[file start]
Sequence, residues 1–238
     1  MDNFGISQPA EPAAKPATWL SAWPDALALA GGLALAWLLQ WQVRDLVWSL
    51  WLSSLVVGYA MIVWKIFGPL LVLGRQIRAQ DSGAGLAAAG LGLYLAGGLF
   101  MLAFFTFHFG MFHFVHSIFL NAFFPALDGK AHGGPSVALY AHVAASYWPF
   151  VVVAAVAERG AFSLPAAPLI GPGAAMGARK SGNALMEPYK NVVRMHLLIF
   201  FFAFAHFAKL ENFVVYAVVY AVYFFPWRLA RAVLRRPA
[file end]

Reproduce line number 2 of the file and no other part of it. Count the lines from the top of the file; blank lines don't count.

     1  MDNFGISQPA EPAAKPATWL SAWPDALALA GGLALAWLLQ WQVRDLVWSL